The question of what art is has troubled academics, philosophers and artists themselves for millennia. By definition, art is considered to be the ‘the expression or application of human creative skill.’ However, the parameters of what is thought of as a skill and therefore can be considered art are not clear-cut and are still a contentious subject today. When many people think of art, they instantly think of a classic painting by one of the greats such as Rembrandt or Monet, and while this is art, the concept actually ranges much wider than this and takes into account a wide range of works.
Painting would fall into the category of visual arts, which is arguably the most easily definable of the different spheres of the artistic world. Other visual arts include photography and sculpture and have been practiced for many centuries. We have many fine examples of this form of art from history.
The performing arts are another example of the artist’s work. As the name suggests, these are not artworks created in private and later displayed for public consumption, but rather performed in front of an audience or, at least in modernity, through the medium of television or radio. The performing arts can encapsulate a broad range of practices. While historically this was theatre and classical music, today it covers everything from movies, dance, pop music and even standup comedy. Modern art, while displayed in a museum, has begun to use elements of performance art, and today the lines between the different sections of art are less defined than they once were.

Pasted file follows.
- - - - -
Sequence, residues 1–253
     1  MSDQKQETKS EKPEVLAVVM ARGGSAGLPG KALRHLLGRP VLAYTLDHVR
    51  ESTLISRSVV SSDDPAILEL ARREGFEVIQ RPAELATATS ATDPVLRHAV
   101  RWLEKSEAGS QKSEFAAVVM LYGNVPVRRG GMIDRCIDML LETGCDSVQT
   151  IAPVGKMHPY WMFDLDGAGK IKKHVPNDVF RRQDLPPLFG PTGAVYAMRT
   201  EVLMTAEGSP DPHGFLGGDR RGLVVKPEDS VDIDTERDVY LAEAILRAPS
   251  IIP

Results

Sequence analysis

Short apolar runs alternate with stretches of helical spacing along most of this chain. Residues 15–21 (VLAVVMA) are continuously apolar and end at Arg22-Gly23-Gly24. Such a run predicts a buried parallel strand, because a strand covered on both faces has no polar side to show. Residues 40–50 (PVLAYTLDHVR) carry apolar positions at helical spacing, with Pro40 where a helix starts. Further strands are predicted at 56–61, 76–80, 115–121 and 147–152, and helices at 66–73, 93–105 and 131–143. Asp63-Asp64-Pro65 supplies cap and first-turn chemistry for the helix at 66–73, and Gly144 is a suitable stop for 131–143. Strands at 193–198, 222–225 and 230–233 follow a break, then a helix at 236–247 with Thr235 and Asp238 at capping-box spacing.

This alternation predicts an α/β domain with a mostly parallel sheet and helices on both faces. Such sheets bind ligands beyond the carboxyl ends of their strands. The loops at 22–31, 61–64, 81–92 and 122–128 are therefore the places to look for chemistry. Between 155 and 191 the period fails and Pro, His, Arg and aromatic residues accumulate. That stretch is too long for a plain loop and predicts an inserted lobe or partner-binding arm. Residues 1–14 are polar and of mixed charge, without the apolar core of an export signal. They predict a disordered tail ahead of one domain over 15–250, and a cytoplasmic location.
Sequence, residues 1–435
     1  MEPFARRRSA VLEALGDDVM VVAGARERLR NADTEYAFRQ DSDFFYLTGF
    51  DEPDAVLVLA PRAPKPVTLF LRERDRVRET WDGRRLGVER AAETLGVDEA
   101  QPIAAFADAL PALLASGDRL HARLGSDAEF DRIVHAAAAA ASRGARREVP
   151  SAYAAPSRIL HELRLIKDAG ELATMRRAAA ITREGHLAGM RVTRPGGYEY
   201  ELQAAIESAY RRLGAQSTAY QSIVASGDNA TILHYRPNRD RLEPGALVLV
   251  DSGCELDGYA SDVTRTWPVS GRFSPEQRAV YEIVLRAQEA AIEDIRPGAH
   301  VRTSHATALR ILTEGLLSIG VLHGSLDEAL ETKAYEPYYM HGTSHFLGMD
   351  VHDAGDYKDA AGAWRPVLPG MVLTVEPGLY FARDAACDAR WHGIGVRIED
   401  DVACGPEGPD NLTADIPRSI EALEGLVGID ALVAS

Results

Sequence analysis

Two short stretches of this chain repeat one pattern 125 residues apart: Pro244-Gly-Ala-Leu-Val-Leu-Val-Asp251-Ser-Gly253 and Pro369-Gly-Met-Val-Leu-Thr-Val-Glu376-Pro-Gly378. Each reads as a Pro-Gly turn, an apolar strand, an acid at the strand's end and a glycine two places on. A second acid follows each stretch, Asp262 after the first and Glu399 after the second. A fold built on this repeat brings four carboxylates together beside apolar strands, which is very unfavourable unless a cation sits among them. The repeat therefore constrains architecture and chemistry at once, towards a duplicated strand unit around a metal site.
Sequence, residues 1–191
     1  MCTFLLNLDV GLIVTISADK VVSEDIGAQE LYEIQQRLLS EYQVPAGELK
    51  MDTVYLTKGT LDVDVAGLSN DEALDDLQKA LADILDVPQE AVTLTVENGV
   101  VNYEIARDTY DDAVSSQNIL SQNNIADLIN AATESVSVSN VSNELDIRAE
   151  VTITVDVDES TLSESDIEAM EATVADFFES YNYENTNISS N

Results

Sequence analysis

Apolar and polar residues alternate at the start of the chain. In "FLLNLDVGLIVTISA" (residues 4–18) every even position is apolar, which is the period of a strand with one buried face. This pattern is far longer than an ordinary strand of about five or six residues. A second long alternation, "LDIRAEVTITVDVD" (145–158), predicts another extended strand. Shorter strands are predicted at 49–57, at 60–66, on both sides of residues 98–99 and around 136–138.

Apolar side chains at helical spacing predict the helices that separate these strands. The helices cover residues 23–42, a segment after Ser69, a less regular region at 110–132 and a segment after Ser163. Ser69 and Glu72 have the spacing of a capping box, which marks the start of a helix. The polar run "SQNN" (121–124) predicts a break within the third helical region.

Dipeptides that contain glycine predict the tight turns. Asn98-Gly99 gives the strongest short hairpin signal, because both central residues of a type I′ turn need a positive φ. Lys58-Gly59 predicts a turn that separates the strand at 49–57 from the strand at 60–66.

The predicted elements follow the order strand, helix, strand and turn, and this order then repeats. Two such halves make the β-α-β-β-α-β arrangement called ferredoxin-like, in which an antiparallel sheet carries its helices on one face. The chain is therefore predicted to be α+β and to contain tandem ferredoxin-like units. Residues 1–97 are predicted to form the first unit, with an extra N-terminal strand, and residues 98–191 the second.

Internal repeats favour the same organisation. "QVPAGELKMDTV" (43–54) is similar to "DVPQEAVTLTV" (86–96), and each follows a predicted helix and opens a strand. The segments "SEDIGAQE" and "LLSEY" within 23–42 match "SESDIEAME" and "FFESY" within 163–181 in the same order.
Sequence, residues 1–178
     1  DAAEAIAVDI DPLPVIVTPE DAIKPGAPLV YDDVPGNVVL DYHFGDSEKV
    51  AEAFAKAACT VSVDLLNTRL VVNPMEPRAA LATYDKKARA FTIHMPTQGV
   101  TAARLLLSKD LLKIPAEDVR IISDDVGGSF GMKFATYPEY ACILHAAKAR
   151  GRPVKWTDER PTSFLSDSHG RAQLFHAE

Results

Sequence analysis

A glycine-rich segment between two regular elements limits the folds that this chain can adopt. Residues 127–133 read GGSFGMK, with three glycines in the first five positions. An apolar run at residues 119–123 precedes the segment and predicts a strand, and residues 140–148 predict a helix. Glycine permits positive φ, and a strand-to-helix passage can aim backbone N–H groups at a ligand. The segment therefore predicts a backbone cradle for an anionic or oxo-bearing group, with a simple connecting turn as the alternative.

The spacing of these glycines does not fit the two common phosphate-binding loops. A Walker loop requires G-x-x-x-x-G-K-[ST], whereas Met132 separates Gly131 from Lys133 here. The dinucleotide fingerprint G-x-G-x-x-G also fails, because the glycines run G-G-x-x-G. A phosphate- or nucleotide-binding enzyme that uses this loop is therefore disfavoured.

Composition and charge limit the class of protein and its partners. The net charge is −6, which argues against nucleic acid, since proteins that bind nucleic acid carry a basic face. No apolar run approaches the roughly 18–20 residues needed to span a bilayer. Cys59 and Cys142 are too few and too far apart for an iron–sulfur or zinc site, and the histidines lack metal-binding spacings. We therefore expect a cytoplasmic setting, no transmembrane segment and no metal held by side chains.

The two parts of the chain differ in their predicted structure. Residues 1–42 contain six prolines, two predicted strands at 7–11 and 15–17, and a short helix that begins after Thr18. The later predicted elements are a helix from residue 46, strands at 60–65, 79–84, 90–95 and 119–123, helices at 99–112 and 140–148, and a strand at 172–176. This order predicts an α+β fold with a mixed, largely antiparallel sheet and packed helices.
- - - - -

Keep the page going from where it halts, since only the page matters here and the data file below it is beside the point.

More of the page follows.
The common attribute that all forms of art have is that they are created by a person using some form or artistic skill but also that they are trying to say something. The purpose of the artist creating the work, be that a sculpture or a piece of expressive dance, is they are trying to take the audience on a journey and to teach them something about somebody else, themselves, the society in which they live or often all three of these things. How the artists choose to communicate to an audience or viewer can be varied.
Much art attempts to reflect the reality of its subject matter; this practice is known as mimesis. This is common in a portrait painting or in most Hollywood films which aim to be as real as possible. Other methods of communication include expressionism or satire. Expressionism will aim to reflect a sentiment, if not talking about the issues directly. Sci-fi is a classic example of this, where the setting of space is used to depict a situation that is directly related to problems on earth. Satire is used when the artist parodies the issue in question.